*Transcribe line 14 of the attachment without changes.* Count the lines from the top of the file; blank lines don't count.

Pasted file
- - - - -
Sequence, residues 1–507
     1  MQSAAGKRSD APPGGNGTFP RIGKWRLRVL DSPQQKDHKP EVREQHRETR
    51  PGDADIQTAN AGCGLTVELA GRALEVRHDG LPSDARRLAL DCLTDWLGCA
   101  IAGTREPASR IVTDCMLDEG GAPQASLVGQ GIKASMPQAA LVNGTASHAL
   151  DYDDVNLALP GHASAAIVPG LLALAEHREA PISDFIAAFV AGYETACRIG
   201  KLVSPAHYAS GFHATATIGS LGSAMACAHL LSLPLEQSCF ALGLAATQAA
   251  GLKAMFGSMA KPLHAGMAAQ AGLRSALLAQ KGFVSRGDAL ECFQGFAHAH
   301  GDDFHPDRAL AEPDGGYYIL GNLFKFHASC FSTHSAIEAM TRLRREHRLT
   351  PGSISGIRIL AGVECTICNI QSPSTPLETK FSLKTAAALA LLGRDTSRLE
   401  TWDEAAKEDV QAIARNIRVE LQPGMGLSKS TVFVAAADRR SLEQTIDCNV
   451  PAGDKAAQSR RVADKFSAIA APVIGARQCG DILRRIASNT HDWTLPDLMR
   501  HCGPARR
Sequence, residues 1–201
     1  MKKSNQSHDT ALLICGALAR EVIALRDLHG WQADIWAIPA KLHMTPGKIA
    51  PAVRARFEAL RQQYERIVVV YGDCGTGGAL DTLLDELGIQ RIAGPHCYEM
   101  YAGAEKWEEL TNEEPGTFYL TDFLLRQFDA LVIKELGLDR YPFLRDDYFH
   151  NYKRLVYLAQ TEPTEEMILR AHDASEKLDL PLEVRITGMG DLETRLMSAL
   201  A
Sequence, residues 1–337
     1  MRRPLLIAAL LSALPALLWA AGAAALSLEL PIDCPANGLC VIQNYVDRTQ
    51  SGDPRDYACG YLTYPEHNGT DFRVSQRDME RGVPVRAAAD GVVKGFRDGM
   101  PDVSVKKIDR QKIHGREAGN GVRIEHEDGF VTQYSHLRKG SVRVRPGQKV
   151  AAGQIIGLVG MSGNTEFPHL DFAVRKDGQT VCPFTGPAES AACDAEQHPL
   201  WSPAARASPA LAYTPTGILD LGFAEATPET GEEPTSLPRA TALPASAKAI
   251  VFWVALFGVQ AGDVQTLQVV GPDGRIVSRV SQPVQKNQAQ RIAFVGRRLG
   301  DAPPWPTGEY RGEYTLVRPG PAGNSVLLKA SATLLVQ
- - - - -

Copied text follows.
     1  MKKSNQSHDT ALLICGALAR EVIALRDLHG WQADIWAIPA KLHMTPGKIA